CoRev sends along the following information as the news hits the UK papers and today’s New York Times.
NASA, Jet Propulsion Laboratory announced that the Pacific Decadal Oscillation (PDO) has flipped to its cool phase.
The last time this happened was in 1946, and for the next three decades we had cooler than average temperatures.
Additional information can be found at Watts Up With That?
Rdan here: Here is a link to one NYT point of view on a ‘cooling period’ and climate change. A visit to NASA has interesting information.
This multi-year Pacific Decadal Oscillation ‘cool’ trend can intensify La Niña or diminish El Niño impacts around the Pacific basin,” said Bill Patzert, an oceanographer and climatologist at NASA’s Jet Propulsion Laboratory, Pasadena, Calif. “The persistence of this large-scale pattern tells us there is much more than an isolated La Niña occurring in the Pacific Ocean.”
Sea surface temperature satellite data from the National Oceanic and Atmospheric Administration also clearly show a cool Pacific Decadal Oscillation pattern, as seen at here.
The shift in the Pacific Decadal Oscillation, with its widespread Pacific Ocean temperature changes, will have significant implications for global climate. It can affect Pacific and Atlantic hurricane activity, droughts and flooding around the Pacific basin, marine ecosystems and global land temperature patterns.
“The comings and goings of El Niño, La Niña and the Pacific Decadal Oscillation are part of a longer, ongoing change in global climate,” said Josh Willis, a JPL oceanographer and climate scientist. Sea level rise and global warming due to increases in greenhouse gases can be strongly affected by large natural climate phenomenon such as the Pacific Decadal Oscillation and the El Nino-Southern Oscillation. “In fact,” said Willis, “these natural climate phenomena can sometimes hide global warming caused by human activities. Or they can have the opposite effect of accentuating it.”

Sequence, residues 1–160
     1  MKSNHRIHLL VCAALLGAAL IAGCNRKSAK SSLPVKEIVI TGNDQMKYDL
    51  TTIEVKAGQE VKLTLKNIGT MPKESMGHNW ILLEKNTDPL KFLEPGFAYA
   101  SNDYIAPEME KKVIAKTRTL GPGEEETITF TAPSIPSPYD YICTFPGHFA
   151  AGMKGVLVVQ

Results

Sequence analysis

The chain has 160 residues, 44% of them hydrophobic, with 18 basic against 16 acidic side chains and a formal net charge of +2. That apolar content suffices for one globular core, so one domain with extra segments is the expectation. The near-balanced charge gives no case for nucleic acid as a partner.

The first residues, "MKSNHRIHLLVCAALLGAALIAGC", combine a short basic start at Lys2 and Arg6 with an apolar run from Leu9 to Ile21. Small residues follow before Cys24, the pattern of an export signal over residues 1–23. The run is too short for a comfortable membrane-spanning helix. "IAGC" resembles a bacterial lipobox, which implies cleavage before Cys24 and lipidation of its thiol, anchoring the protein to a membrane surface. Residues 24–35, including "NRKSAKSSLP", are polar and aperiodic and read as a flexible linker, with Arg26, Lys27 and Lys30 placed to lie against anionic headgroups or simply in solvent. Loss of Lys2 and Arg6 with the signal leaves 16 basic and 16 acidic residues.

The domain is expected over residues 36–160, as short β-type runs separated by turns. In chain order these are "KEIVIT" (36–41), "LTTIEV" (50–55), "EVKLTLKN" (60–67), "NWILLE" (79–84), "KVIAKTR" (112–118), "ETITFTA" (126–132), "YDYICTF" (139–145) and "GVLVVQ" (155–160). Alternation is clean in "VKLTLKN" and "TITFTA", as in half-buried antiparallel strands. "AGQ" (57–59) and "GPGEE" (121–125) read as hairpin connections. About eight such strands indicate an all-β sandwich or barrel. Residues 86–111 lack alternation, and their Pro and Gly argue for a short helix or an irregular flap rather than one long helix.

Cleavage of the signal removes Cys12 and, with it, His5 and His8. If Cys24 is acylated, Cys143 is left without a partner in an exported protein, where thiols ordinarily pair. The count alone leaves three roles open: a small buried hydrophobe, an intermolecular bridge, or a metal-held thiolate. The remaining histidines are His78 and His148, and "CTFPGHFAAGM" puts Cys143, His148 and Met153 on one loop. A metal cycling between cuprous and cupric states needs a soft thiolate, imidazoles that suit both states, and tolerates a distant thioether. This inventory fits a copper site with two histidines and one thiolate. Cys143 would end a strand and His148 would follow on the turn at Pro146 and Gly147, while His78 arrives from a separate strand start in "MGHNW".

Jason’s follow-on mission, the Ocean Surface Topography Mission/Jason-2, is scheduled for launch this June and will extend to two decades the continuous data record of sea surface heights begun by Topex/Poseidon in 1992. JPL manages the U.S. portion of the Jason mission for NASA’s Science Mission Directorate, Washington, D.C.
For more information on NASA’s ocean surface topography missions, see here or to view the latest Jason data, visit here.